When I turned around he was shocked.
 
Not fluff. That won’t fly at 5.0. But decent can/does IF you have other weapons and/or supreme fitness/movement
This is my experience as well. *Most* 5.0s have strong serves but *many* have merely decent serves for which they compensate with other skills.

Got me. I just read through pages of this thread to see several comments about 5.0 not having a "big serve", so I assume people mean it is fluffy. I am curious how people define a big serve too.
An anecdote for perspective. Ken Rosewall's typical first serve came in at around 75mph. (And he only hit slice BHs... but I digress.) The joke was that his serve "couldn't crack an egg." Take Kenny at 35 years of age using a wood racquet with a 75mph first serve and no topspin BH, and today he wins every 5.5 tournament in the country, likely without losing a game. Yes, a strong first serve is helpful at the rec level - and the higher you go, the more often you see them - but even at 5.0 it's not at all mandatory if you can compensate with other skills.

The two most underrated shots in all of rec tennis are (1) any serve over 70mph that lands within two feet of the service line, and (2) any ball of any speed or spin that lands within three feet of the baseline. At the rec level it's difficult to consistently attack either of these shots. They're innocuous killers.
 
This is my experience as well. *Most* 5.0s have strong serves but *many* have merely decent serves for which they compensate with other skills.



An anecdote for perspective. Ken Rosewall's typical first serve came in at around 75mph. (And he only hit slice BHs... but I digress.) The joke was that his serve "couldn't crack an egg." Take Kenny at 35 years of age using a wood racquet with a 75mph first serve and no topspin BH, and today he wins every 5.5 tournament in the country, likely without losing a game. Yes, a strong first serve is helpful at the rec level - and the higher you go, the more often you see them - but even at 5.0 it's not at all mandatory if you can compensate with other skills.

The two most underrated shots in all of rec tennis are (1) any serve over 70mph that lands within two feet of the service line, and (2) any ball of any speed or spin that lands within three feet of the baseline. At the rec level it's difficult to consistently attack either of these shots. They're innocuous killers.
So it all comes down to depth. There is a coach here who doesn't agree with that and prefers shorter balls with more spin.
 
So it all comes down to depth. There is a coach here who doesn't agree with that and prefers shorter balls with more spin.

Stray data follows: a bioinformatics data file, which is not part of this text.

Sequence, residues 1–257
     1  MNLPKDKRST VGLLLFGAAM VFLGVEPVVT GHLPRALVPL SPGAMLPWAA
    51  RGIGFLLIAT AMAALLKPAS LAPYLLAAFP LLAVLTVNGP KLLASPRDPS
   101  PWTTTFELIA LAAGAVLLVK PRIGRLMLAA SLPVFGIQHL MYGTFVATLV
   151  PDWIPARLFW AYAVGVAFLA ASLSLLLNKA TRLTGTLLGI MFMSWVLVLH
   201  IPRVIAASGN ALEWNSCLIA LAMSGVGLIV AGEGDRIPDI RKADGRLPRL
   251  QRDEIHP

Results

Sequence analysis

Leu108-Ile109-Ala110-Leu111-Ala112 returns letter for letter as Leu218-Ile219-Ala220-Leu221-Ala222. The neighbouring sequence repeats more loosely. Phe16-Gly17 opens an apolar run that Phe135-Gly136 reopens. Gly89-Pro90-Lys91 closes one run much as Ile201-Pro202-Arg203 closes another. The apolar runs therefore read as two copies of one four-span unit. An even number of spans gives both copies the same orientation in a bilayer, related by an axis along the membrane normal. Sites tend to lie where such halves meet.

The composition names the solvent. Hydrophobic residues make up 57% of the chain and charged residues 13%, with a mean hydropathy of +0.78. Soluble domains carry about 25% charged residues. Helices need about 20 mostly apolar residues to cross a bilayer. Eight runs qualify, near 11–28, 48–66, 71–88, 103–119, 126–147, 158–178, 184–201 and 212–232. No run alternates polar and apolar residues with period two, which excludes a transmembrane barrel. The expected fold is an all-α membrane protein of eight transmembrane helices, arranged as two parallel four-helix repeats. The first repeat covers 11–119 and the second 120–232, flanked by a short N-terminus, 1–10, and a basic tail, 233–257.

If you hit shorter and more spin it allows more angle. Usually if you watch Federer, Nadal, Djokovic, etc... the best players. They are hitting deep to push the opponent back deep to a corner, then they hit same corner less deep but more sharp to get them wide. Then they go for the change of direction for offence. So most likely less depth more spin is good. The guys who always hit deep and with less spin actually imo work harder for the point. And they win less.
 
If you hit shorter and more spin it allows more angle. Usually if you watch Federer, Nadal, Djokovic, etc... the best players. They are hitting deep to push the opponent back deep to a corner, then they hit same corner less deep but more sharp to get them wide. Then they go for the change of direction for offence. So most likely less depth more spin is good. The guys who always hit deep and with less spin actually imo work harder for the point. And they win less.
Fair and accurate at the pro level. But those guys can consistently hit the shots you describe with power and intent under competitive pressure. Recreational players?


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This is my experience as well. *Most* 5.0s have strong serves but *many* have merely decent serves for which they compensate with other skills.



An anecdote for perspective. Ken Rosewall's typical first serve came in at around 75mph. (And he only hit slice BHs... but I digress.) The joke was that his serve "couldn't crack an egg." Take Kenny at 35 years of age using a wood racquet with a 75mph first serve and no topspin BH, and today he wins every 5.5 tournament in the country, likely without losing a game. Yes, a strong first serve is helpful at the rec level - and the higher you go, the more often you see them - but even at 5.0 it's not at all mandatory if you can compensate with other skills.